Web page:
To many people, “co-housing,” is an unheard-of term.
Not to Suzy Sharp.
“It is a model that balances the privacy of your own home with the benefit of living in an intentionally connected community,” she said of the concept, which started in Denmark. “In co-housing, neighbors become friends and private homes are clustered around common spaces.
“… It has been intentionally designed to create a rich, interconnected community while supporting successful aging in place.”
Sharp will be among the residents of Heartwood Commons, a $14 million co-housing project on which organizers broke ground Thursday at 7141 S. Quincy Ave.
Designed for the 55-and-older crowd, Heartwood Commons will feature 36 housing units — ranging from 750 to 1,500 square feet — in series of two-, three- and four-residential clusters.
Units start at $258,000, Sharp said. Complementing the units will be a large common house, which will include a gourmet kitchen, a great room for shared meals and other activities, a living room for more intimate gatherings, an art room and two guest rooms.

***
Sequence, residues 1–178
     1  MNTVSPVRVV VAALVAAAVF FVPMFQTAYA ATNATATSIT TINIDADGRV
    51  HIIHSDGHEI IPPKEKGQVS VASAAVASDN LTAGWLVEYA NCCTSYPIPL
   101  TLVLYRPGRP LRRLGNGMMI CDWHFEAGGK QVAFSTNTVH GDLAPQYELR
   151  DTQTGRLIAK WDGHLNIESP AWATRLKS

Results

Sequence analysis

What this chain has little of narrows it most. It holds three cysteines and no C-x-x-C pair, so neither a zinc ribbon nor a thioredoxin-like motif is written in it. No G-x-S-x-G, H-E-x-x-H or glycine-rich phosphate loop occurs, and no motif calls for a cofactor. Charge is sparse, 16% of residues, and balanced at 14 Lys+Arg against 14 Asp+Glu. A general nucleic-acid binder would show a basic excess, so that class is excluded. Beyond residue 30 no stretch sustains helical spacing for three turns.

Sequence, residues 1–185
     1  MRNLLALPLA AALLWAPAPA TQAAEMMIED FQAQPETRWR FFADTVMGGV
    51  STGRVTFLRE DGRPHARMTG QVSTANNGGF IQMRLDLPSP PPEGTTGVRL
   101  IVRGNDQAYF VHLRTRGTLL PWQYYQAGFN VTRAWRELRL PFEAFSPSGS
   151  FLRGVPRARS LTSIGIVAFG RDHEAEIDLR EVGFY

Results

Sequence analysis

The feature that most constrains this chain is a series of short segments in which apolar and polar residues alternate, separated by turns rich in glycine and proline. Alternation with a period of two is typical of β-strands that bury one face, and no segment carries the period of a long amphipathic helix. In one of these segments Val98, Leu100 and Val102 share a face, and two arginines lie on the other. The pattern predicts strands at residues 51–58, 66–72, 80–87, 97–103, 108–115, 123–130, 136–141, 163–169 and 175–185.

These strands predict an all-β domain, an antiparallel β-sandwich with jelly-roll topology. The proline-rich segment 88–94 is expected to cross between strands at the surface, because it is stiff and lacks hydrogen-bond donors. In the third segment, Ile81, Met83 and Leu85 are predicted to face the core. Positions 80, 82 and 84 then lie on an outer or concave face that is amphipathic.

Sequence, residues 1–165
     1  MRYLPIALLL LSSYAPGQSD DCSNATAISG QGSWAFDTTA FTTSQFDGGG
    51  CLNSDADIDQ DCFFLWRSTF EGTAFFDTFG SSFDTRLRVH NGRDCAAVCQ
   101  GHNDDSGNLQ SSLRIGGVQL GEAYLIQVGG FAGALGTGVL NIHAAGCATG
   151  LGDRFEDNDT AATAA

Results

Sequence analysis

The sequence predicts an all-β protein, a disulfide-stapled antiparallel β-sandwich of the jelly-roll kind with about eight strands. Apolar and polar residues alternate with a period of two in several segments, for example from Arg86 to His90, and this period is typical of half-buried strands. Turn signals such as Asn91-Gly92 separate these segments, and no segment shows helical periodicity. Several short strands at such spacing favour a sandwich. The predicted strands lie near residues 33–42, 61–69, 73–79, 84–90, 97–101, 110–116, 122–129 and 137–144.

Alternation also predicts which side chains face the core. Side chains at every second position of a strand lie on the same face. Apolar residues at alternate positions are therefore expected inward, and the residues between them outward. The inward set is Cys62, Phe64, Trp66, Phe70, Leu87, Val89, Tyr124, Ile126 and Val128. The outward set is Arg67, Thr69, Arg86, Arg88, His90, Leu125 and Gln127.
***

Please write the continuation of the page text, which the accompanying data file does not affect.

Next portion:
Other shared amenities include community gardens, a wood shop, greenhouse, contemplative space and a pet park. In addition to their private homes and shared community spaces, the residents also have equity in the entire acreage.
“Our sister (co-housing) community in Stillwater reminds us all the time that when you are joining a co-housing community, you are really buying the community and the house just happens to come with it,” Sharp said.
Two Tulsa companies, Jones Design Studio and Stava Building Corp., are handling design and construction. More than 50 sites were considered for the project, said Molly Jones, founder and president of Jones Design Studio.
“... The buildings are the backdrop to the play which is the building and maintenance of community between people,” Jones said. “That’s what this project represents.”
Twenty-one of the units already have been sold.
“You just don’t see a lot of citizen-led developments really ever come to fruition,” Tulsa Mayor G.T. Bynum said. “It’s very rare in Tulsa. That says a lot about the commitment of those who had this vision and saw what this could mean for Tulsa, our first co-housing development.”
The village is scheduled for completion at the end of 2021 or early 2022, Sharp said.
“We’re in a time right now where we’re really trying to create a greater diversity of housing options in Tulsa,” Bynum said. “… A friend of mine, our former colleague, councilor Blake Ewing, used to say that a really great city has something for everybody. This is creating one of those options for folks in our community.”